Father’s Day

On the phone she said, my husband is dying, can you come? He drove out to her apartment, she was sitting in her front room and she wanted to plan her husband’s funeral. He was lying in the other room in a hospital bed. Two sons came in.

She wanted to know the order of prayers and events at the funeral. The man suggested that the first thing was to accompany him through the passage. What do you mean passage? she asked innocently. The passage of his soul. His soul, she said, she said it again — his soul — and again. His soul, yes, she said. There was a moment of good silence.

Then they all gathered around their beloved’s bed and sang prayers quietly into his ear and his sons kissed his forehead and rubbed his hands.

The father’s eyes fluttered as his sons kissed him. Later they were talking back in the other room.

Tell me about the soul, one son asked. The man mentioned five names for the soul, the last of which was “unity.” All were beautiful words, each referring to a deeper sense of self culminating in unity.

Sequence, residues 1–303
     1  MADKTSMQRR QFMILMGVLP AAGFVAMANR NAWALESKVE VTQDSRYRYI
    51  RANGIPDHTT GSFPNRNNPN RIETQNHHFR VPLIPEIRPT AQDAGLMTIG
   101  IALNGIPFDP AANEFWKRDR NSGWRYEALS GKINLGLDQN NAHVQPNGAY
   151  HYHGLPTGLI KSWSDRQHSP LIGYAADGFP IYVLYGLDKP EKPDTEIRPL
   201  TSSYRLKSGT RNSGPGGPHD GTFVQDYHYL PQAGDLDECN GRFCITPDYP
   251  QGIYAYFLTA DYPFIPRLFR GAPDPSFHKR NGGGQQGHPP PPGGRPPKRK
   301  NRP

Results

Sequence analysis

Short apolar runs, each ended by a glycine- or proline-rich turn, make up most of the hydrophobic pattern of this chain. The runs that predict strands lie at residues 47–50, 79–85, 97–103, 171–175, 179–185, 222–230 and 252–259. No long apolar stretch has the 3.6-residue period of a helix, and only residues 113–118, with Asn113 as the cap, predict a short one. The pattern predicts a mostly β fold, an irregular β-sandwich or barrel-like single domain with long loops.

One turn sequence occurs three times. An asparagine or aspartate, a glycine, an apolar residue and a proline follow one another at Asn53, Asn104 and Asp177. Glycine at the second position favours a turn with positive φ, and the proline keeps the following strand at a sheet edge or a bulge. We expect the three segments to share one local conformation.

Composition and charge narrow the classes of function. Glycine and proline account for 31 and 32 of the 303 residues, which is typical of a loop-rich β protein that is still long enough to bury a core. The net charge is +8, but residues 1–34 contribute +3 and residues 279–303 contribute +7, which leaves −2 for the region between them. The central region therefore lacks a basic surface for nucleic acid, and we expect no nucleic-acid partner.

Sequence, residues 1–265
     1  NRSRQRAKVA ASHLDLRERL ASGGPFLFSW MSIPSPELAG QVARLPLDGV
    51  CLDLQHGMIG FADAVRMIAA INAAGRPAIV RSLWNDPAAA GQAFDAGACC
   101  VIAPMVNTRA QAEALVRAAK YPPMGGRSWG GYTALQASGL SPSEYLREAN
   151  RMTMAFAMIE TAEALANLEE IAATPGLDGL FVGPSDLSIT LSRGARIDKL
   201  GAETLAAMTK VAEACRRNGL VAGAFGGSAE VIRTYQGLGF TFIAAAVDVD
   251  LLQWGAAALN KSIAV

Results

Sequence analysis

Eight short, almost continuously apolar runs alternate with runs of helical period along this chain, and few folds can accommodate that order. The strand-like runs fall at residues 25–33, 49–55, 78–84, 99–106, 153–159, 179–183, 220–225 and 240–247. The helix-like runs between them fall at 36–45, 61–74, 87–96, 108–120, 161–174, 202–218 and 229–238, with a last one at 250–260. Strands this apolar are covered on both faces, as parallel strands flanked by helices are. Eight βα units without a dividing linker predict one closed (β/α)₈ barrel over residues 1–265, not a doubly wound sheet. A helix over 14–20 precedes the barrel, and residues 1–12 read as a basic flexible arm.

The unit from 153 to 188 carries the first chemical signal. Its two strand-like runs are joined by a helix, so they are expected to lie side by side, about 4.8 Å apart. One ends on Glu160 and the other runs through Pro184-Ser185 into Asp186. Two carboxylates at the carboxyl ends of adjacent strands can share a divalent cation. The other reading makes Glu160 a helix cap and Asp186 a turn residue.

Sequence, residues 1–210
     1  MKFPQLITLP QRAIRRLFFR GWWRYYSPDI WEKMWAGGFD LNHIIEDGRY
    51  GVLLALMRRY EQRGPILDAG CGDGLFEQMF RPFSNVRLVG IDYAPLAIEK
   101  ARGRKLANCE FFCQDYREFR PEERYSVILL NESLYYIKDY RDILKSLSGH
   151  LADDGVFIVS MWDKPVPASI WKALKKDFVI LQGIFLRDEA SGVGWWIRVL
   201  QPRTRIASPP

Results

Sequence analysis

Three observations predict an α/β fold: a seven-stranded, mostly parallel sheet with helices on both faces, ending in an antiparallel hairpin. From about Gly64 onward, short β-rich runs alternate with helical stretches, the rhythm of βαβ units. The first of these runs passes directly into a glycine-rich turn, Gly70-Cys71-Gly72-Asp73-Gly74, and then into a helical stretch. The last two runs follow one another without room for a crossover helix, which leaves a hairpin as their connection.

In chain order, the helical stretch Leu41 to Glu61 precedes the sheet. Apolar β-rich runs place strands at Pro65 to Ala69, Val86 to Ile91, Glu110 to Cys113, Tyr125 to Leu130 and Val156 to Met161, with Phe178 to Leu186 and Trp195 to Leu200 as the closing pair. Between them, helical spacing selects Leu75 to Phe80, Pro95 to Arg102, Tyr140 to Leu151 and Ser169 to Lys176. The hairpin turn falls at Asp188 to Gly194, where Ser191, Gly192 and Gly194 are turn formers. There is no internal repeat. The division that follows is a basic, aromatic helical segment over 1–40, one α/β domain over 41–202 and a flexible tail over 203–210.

This is the goal of the soul’s journey, one of the sons said, to return from where we came. Maybe that’s God, he said. There was silence in the room, all of them floating on their own thoughts, and the soft whirring of a fan coming from the other room.

“I feel his soul reaching for God,” one of the sons said. “Yes,” the man said, “I feel it too.”

“He has a big soul,” his other son said. “I feel his soul in a circle of great souls,” he said. “His soul is making its journey home.”

“Yes,” they all said enthusiastically. They returned to the father’s bedside, they kissed his head, read him psalms and poetry.

It was Father’s Day, and later that afternoon, their father died.

jsg, usa